How to Prepare your Fireplace for the Winter Season
With cooler weather ahead, many of us are looking forward to the soothing comfort and warmth of their fireplace this winter. No matter where you reside in the great state of WI, it is important to prepare your fireplace for the winter fire season.
Inspect and clean the Chimney
Your chimney is an important safety barrier protecting your home and family from fire and dangerous fumes while enjoying the fireplace. The most important part of preparing your fireplace for the winter season is to have it inspected and cleaned by a certified chimney sweep. According to the National Fire Protection Association (NFPA), the leading cause of home fires is from an accumulation of creosote in chimneys that have not been swept. Hiring a certified chimney sweep is the best way to properly clear out all the debris, creosote and soot. They will not only thoroughly inspect and clean the fireplace, but will also remove any bird nests, leaves, branches, and other foreign objects which might be obstructing the flue.
Check the Damper
The damper is a metal or aluminum door that is supposed to form an airtight seal when it is shut. But environmental conditions like heat, rain, soot and other debris can cause it to rust and warp letting in the outside elements including air and rain that can cause additional damage to the chimney and fireplace, not to mention an increase in energy costs. When preparing for the winter fire season, make sure you inspect the chimney damper ensuring it opens and closes smoothly and tightly.
Inspect the Chimney Cap
The chimney cap is like a rain hat that is secured atop the flue to prevent water, small animals and other debris from blocking the smoke and dangerous gases from venting through the chimney. Before lighting your first fire for the season, you should make sure that the chimney cap is properly fitted, with the protective wire mesh screening to prevent obstructions. Because it sits on top of the exposed roof line, high winds, monsoons and the occasional dust storms can damage the chimney cap. Birds, raccoons and other critters have been known to occasionally damage the wire mesh. If the cap is damaged or missing, it should be replaced. For added protection, make sure chimney caps have a spark arrestor that prevents burning embers from sparking a roof fire. Also, trim any nearby branches away from the chimney.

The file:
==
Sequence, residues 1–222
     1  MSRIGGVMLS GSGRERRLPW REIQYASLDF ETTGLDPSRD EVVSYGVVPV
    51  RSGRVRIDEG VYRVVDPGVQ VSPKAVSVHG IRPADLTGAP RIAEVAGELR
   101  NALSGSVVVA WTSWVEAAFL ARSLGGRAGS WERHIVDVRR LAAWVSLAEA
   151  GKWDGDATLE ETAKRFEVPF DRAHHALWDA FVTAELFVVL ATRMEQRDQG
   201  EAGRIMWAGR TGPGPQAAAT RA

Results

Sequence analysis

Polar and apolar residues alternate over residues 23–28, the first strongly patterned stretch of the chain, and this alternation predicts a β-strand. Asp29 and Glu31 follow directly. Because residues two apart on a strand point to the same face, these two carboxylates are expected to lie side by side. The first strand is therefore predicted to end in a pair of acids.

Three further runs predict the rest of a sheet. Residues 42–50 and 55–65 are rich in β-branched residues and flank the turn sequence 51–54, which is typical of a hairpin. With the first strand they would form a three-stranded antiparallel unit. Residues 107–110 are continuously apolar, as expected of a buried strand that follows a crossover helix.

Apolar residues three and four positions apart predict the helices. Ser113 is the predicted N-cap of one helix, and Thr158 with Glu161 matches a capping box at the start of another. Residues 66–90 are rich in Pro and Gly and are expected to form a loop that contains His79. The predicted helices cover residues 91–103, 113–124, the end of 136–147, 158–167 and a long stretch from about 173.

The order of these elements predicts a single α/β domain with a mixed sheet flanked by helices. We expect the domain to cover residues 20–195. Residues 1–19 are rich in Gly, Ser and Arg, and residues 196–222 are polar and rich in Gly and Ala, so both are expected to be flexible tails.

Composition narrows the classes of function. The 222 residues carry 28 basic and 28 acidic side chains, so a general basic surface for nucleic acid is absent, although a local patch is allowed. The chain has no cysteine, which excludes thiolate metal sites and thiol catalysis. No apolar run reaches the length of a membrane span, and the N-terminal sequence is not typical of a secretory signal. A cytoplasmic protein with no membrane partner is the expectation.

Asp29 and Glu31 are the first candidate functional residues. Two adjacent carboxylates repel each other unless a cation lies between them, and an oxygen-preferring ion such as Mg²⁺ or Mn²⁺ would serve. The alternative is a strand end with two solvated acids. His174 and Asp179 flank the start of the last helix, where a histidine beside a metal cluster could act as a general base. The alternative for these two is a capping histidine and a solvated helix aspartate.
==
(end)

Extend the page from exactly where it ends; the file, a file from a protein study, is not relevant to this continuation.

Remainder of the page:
Stock Quality Seasoned Firewood
To make sure you get the best quality, start hunting for your firewood early. You will want to choose dense (seasoned) firewood like maple or oak which has been dried for at least 6 months. The lower
moisture content in seasoned wood reduces the creosote buildup that occurs inside your chimney during combustion. It also burns longer and produces more heat which lowers your heating costs. You can also buy fresh cords of maple or oak and store it in rows in an open and ventilated area exposed to the sun to dry. However, be careful to protect the wood from getting wet or it could rot and develop mold.
Test your Smoke and Carbon Monoxide Detector
You should never use a fireplace without a working smoke detector and carbon monoxide detector. The beginning of winter is a good time to replace any batteries and make sure both are in good working order. Both gas and wood-burning heating appliances create carbon monoxide as a by-product of combustion. And leaks or blockages in the chimney can cause carbon monoxide poisoning. Carbon Monoxide is an odorless and colorless gas, known as the silent killer, and is responsible for hundreds of injuries each year. This is also a good time of year to have your fire extinguisher checked and inspected by a certified professional.